Deodorize it

If you’ve used a cutting board to cut raw meat, fish, or poultry, it’s important to clean and sanitize it immediately after using it. This will help prevent cross-contamination and protect you and your family from food-borne illnesses.

The best way to sanitize a wood cutting board is to use vinegar, as it’s both natural and effective. Simply apply the vinegar to the surface of the board and let it sit for a few minutes as it works to kill any germs. Once the board is sanitized, rinse it off with water and dry it thoroughly with a cloth or paper towel.

Vinegar is also an excellent deodorizer for a wooden cutting board. Simply keep a spray bottle filled with white vinegar and use it to regularly spritz down your cutting board. The citric acid in the vinegar will neutralize odors while working as a natural disinfectant. If you prefer, you can also use a lemon to eliminate odors on a wood cutting board by rubbing it on the surface.

Certain foods can stain a wood cutting board, which is not only unsightly but can harbor bacteria. For tough stains, try scrubbing the board with a damp sponge or cloth and coarse salt. You can also use 3 percent hydrogen peroxide to banish any unwanted bacteria from a wooden cutting board. Simply pour the solution over the surface of the board, let it sit for a few minutes as the fizzing action kills any germs, then rinse and dry the board.

Once you’ve cleaned and sanitized your cutting board, it’s a good idea to add a protective layer of oil to keep it in good condition. Be sure to use an organic oil that’s safe for food preparation, such as coconut oil, beeswax, or tung oil. Beware of other oils that have high levels of fat, as these will eventually go rancid and leave your board smelling bad. Adding an oil to your cutting board can also help protect it from warping and cracking over time. When choosing an oil, be sure to follow the directions on the label to ensure that you’re applying it properly.

Oil it

Wood cutting boards need to be oiled regularly to prevent the wood fibers from drying out and becoming brittle. This in turn can cause the board to warp or crack over time. Oil also helps the wood repel moisture and other liquids, keeping it from swelling and causing a warped or cracked surface.

To properly oil your board, make sure it is thoroughly cleaned and dry first. Start by hand-washing it using hot soapy water and make sure to wash both sides of the board as well as the edges, as this is where most people miss out when washing their boards. After cleaning it, let the wood completely dry before rubbing it down with a food safe oil (Wood Cutting Boards recommends a mixture of USP-grade mineral oil and beeswax or Good Housekeeping suggests using a simple vegetable oil).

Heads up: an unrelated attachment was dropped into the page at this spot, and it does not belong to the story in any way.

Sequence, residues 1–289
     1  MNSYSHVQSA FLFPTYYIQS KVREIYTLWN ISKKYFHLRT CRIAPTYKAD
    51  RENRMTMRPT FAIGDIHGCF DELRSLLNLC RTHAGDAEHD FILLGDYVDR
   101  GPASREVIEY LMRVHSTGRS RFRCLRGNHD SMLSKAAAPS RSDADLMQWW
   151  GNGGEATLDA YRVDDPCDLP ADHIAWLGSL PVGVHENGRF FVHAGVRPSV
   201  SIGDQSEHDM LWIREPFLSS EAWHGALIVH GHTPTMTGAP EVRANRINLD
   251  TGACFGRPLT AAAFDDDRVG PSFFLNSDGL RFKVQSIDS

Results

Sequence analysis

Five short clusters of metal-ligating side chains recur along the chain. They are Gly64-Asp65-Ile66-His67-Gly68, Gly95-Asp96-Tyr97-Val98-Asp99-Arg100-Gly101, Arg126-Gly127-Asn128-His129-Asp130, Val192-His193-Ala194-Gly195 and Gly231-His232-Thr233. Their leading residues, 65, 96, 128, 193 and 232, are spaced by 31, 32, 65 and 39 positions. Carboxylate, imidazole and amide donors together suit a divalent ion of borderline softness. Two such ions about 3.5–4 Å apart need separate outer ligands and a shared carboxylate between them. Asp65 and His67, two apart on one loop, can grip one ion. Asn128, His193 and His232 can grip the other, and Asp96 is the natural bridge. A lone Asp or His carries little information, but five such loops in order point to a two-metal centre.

Use a clean, lint-free rag to rub the oil into the surface of the board, working into all the crevices and corners. Once you have covered the entire surface of the board, leave it to absorb overnight.

If you have a hard time figuring out whether or not your board needs to be oiled, just test its water-repellency by spraying a little water on it. A freshly oiled board will be able to withstand the water and will not swell, but a dried-out and brittle board will soak it up.

Note: When selecting an oil to use on your cutting board, be careful as not all oils are created equal. Some oils, such as olive and canola, are not recommended for use on cutting boards due to their high levels of acidity which may affect the durability of your wooden board. It is best to stick with a food-grade mineral oil or a mix of beeswax and mineral oil.

Ideally, you should scrub and oil your wooden cutting board every other week or every other month. However, this is not always possible in the real world. If you do not have the time to perform a full cleaning and sanitization, just be sure to scrub it with hot soapy water after every use and rinse it off right away. This will help to keep your wood cutting board in top condition and ensure that it stays sanitary and free of pathogens for as long as you have it in your kitchen.